I still needed to paint the top piece, so next I knocked that out (it took all of 10 min total). I wanted to get it painted before we cut it and added it to the headboard…to make life a little easier.


Excuse all of the gold spray paint on the towels…I told you I have an issue…

At this point, my job was done for the day…until Jordan got home from his day job…just in time to help me with the rest.

He cut the 1×3″ pine board so it would hang off slightly on each end…we cut it to about 84″, so it would hang off about 2″ on each side. We decided to nail this onto the top of the board instead of using Liquid Nails…and I think this worked out a lot better.


How pretty?!? I feel like the top piece really makes it look finished.

Ok the last thing we had to do was hang it on the wall…I was honestly terrified of this part because I had no idea how we were going to do this since this headboard is actually pretty heavy.

I did some research and found that most people used a Cleat Hanger…this is one of the greatest inventions I have come across (if I am so behind the times, I do apologize). We bought this one from Amazon, but you can get these pretty much anywhere (we are just lazy and take advantage of Amazon Prime whenever possible…). 


Y’all. I have to admit. I was so excited about getting this headboard hung that I totally forgot to take good pictures of the process. UGH. SO I am going to do my best to explain how this awesome thing works…and I have added some pictures from other projects similar to ours.

This is a good diagram on how a cleat hanger works…(and no, I did not come up with this diagram…I know most of you assumed I did, but I have a 4 month old who doesn’t feel much like napping today…so there’s that…).


The first thing you do is take one part of the cleat hanger and screw it in the very center of your headboard. We just measured to the very center and attached it there (you have a little wiggle room, because the beauty of this thing is that it’s easy to move slightly once you get it up on the wall).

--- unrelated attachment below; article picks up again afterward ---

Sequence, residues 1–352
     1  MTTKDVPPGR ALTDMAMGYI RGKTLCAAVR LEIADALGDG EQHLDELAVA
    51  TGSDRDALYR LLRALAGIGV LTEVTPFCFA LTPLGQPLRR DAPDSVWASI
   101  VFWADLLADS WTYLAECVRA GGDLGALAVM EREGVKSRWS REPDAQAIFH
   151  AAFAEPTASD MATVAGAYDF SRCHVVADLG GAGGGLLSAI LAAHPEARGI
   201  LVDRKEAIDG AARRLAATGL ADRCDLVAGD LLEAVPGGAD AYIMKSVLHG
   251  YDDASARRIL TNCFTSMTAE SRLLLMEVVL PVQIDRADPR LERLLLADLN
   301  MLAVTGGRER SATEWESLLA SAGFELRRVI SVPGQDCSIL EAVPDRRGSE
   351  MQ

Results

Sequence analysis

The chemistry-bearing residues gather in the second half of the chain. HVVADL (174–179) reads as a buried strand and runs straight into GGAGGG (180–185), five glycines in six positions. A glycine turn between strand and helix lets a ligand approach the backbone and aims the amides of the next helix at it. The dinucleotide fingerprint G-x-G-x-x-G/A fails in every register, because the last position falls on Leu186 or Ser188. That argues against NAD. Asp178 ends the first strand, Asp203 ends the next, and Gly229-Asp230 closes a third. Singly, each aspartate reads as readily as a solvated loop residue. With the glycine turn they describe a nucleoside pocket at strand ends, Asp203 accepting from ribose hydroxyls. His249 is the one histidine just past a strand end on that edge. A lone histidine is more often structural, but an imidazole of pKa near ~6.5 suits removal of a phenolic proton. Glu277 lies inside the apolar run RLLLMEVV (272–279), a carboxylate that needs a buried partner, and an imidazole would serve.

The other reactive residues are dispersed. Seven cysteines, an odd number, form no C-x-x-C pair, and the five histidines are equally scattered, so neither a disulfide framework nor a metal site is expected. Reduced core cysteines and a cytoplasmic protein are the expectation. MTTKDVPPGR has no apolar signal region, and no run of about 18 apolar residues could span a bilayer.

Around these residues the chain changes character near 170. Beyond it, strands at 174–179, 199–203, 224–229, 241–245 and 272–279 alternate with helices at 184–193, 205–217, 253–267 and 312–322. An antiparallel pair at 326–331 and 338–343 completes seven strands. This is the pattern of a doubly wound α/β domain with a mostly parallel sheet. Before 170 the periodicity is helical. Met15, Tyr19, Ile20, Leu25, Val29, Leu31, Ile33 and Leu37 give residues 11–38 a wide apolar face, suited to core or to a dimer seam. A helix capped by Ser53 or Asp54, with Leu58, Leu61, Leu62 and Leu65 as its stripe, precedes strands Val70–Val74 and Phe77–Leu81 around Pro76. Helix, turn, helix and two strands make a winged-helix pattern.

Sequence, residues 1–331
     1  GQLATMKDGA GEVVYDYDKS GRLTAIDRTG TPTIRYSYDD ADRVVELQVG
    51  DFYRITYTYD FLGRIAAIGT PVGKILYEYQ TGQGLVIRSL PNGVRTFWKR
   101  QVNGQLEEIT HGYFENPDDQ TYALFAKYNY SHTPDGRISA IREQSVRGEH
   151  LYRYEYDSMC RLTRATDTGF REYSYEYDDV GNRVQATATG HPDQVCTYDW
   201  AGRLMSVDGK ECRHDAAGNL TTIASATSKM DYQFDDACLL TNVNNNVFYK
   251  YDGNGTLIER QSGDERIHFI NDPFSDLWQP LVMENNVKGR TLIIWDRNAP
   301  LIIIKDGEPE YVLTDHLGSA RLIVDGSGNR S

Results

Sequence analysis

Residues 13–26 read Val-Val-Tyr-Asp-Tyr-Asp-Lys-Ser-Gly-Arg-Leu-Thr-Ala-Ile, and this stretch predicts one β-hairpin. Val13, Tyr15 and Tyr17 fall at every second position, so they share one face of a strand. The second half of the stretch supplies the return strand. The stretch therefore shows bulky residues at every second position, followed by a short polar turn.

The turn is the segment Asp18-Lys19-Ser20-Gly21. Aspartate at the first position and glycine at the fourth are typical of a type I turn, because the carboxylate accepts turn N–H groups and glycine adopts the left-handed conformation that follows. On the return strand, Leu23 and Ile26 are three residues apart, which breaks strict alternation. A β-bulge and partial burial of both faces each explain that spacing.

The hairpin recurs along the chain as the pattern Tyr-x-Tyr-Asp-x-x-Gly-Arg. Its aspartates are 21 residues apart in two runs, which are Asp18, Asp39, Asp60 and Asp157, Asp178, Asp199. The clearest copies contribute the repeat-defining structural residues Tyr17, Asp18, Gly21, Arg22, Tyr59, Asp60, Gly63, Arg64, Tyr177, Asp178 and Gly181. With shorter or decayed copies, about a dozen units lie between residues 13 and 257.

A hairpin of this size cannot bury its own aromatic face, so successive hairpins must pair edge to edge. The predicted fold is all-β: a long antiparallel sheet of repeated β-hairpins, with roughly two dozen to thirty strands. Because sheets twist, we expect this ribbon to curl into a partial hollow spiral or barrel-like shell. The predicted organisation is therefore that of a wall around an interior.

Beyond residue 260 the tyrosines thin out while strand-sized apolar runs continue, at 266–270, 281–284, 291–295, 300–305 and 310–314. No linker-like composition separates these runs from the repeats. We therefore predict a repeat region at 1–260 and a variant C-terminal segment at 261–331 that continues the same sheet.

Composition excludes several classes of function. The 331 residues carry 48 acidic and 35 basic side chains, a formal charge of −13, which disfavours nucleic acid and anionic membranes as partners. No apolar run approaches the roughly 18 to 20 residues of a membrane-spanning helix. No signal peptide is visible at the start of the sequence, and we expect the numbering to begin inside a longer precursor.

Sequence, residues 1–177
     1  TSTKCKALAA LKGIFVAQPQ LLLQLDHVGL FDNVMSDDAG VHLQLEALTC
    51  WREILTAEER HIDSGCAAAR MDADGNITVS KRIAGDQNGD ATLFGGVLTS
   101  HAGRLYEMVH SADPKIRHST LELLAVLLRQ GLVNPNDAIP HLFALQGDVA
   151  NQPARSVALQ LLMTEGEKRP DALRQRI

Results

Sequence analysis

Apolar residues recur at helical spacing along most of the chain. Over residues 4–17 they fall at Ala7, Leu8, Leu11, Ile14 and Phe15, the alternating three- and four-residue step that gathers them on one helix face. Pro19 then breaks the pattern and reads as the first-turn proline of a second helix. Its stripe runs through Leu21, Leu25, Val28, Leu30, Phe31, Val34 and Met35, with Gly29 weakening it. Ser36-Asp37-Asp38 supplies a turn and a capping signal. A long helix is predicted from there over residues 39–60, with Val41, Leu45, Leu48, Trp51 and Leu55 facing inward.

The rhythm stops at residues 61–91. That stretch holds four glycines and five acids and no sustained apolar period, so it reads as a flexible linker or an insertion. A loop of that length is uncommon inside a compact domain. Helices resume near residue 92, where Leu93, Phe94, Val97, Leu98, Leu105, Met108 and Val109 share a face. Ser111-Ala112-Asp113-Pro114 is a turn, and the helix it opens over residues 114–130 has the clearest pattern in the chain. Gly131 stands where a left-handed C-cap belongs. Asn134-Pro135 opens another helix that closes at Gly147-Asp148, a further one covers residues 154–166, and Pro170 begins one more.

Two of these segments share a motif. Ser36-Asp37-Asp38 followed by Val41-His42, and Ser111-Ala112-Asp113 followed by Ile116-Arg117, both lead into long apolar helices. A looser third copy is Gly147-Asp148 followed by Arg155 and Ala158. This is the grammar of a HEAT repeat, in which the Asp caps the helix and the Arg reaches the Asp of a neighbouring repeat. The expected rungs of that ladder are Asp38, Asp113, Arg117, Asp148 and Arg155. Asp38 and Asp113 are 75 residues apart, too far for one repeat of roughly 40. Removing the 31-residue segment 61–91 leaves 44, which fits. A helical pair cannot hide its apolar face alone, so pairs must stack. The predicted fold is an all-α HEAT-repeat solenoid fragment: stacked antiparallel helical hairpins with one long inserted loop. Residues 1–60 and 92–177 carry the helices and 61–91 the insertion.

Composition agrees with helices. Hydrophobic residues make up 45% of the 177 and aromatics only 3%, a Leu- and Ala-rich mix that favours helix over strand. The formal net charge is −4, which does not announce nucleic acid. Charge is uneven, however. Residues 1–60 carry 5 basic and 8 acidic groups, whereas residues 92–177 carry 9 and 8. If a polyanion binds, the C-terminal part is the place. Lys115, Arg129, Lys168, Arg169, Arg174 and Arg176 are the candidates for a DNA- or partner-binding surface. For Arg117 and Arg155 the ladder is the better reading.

Next, you attach the second piece directly to the wall. This required a little more measuring, because it will determine where your headboard will sit on the wall. We measured the entire length of the wall where our bed sits…marked the halfway point, then measured from slightly below the top of our bed (I wanted the headboard to start slightly below the bed), to exactly 35″ up (we put the cleat hanger 1″ below the top of the headboard, and the headboard is 36″ in height).

The cleat hanger is super easy to screw in, and the one we purchased holds up to 200 pounds.

Ok here is essentially what the cleat hanger will look like once you get both pieces attached (ours has more screws in it because it is carrying more weight).


Once both pieces are attached, you lift the headboard onto the wall and it basically slides down into the wall piece…we hung ours and then realized it was a little too far left, and were able to pick it up slightly and move it over…it’s really easy to maneuver.

And here is the finished project!



What do you think?? This was such a fun and relatively simple project to tackle…and I just LOVE how it turned out. I can’t wait to show you the rest of our master bedroom!

I hope you all have a Happy Thanksgiving! I am thankful for all of you who take the time to read about my crazy thoughts and ideas…it means so much!

Until next time!


6 thoughts on “DIY Shiplap Headboard

  1. Melissa Dickson

    I had a monster headboard built a while back and have yet to attach it to our wall. Let me know if you are happy with the cleat hanger. I may have to look into that.

    Liked by 1 person